In the more recent publication “Background of SIFs and Stress Indices for Moment Loadings of Piping Components”, EPRI report 1012078, June 2005, Ev Rodabaugh and Ed Wais describe “The SIFs actually are “fatigue correlation factors” that compare the fatigue life of piping components (tees, branch connections, etc.) to that of girth butt welds in straight pipe subjected to bending moments.”
Markl makes an interesting observation regarding the validity of the iSN-0.2=C for low-cycle loading (such as seismic loads) or high-cycle loading.
“… it appears pertinent to point out that the author has found Equation  [iSN-0.2=C] to be as valid for the determination of stress-intensification factors at 20 as at 2,000,000 cycles.”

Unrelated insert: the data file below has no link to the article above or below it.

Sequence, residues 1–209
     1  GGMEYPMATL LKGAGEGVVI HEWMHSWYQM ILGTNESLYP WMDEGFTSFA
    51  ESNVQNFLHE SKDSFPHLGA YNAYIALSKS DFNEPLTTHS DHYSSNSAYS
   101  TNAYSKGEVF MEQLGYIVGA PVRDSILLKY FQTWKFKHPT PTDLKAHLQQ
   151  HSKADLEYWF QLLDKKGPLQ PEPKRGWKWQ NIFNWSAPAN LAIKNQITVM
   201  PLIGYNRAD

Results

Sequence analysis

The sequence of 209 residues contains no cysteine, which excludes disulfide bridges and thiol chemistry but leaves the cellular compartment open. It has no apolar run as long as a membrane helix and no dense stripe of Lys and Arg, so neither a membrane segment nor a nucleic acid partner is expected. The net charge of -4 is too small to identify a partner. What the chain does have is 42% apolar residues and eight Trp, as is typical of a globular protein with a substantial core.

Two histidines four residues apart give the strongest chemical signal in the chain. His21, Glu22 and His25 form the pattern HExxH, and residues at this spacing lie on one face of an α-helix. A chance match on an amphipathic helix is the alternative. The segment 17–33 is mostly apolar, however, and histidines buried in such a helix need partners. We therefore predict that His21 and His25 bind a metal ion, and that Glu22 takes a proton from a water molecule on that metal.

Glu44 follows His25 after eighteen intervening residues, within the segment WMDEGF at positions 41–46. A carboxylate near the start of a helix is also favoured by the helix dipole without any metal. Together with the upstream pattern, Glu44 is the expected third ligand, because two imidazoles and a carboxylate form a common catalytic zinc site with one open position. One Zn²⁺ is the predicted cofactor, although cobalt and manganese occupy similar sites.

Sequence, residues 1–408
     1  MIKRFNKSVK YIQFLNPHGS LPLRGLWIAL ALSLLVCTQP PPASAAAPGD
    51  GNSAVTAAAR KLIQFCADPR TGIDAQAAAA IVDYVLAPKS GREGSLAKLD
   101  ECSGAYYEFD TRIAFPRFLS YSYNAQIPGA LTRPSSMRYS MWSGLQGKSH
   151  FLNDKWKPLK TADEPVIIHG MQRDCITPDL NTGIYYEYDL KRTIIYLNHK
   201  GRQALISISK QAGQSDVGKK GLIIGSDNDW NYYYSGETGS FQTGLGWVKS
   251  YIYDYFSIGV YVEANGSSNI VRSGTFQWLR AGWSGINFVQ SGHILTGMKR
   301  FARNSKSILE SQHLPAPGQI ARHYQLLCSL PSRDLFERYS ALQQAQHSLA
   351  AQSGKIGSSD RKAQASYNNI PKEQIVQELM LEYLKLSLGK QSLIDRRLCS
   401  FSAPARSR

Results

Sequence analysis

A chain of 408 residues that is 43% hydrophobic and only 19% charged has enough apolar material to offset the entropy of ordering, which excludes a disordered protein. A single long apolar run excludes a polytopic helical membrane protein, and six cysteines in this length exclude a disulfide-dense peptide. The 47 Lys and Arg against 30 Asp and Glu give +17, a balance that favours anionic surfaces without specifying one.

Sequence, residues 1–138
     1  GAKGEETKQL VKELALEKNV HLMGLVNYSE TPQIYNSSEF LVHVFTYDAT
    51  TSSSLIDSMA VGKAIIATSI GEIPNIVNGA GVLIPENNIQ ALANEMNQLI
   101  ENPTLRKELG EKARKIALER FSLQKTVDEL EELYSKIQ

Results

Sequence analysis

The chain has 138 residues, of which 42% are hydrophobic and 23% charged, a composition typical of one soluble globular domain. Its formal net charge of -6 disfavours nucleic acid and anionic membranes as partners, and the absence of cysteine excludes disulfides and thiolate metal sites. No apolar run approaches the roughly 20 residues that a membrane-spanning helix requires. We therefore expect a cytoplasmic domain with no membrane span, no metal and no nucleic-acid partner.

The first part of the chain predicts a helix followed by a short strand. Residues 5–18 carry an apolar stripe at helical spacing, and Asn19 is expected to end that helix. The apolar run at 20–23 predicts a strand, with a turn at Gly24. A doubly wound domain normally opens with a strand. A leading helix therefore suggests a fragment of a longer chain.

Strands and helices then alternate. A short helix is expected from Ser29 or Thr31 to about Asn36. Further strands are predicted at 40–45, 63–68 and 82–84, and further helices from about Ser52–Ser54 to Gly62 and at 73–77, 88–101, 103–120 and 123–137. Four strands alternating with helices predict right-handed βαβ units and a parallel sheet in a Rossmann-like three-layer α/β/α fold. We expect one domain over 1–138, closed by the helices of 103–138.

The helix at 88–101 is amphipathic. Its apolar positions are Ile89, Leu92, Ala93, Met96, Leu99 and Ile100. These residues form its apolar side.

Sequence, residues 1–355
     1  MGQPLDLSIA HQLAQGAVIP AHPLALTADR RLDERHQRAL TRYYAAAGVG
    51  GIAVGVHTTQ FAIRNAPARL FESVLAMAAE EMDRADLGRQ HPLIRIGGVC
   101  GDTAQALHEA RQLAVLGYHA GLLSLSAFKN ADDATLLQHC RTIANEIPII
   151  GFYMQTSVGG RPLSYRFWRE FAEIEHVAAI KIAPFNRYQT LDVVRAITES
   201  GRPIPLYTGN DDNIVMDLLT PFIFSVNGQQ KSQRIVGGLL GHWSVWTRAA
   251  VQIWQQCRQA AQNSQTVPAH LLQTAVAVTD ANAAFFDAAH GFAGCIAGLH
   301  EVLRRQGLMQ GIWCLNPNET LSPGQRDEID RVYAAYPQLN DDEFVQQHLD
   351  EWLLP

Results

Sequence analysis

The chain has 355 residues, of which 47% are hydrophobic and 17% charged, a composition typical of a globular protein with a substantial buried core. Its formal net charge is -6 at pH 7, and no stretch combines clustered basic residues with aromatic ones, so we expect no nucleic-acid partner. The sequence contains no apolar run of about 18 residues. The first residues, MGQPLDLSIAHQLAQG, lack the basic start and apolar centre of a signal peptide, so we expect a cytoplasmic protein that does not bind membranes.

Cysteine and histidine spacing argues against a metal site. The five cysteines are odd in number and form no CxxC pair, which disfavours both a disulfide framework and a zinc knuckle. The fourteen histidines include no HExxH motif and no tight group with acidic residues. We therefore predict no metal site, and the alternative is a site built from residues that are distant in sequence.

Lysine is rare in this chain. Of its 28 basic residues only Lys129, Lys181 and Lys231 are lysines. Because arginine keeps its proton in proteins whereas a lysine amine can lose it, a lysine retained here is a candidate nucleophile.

In fact, most of Markl’s tests were performed in the range of 1000’s of cycles, not 10’s or 1,000,000’s. More recent tests performed by Chris Hinnant and Tony Paulin extended the range of cycles, and resulted in the following improved fatigue correlation, which is published in “Experimental Evaluation of the Markl Fatigue Methods and ASME Piping Stress Intensification Factors”, Proceedings of the ASME 2014 Pressure Vessels & Piping Conference, PVP 2014, July 20-24, 2014, Anaheim, CA, USA, PVP2014-28268, C. Hinnant, T. Paulin, C. Becht IV, C. Becht V, W.S. Lock, Parts 1 and 2. The Hinnant fatigue correlation is
The differences in slope between Markl’s 1950’s stress-cycle correlation and the more recent Hinnant-Paulin correlation indicates that the Markl curve becomes progressively unconservative in the high cycle regime, perhaps above 2,000,000.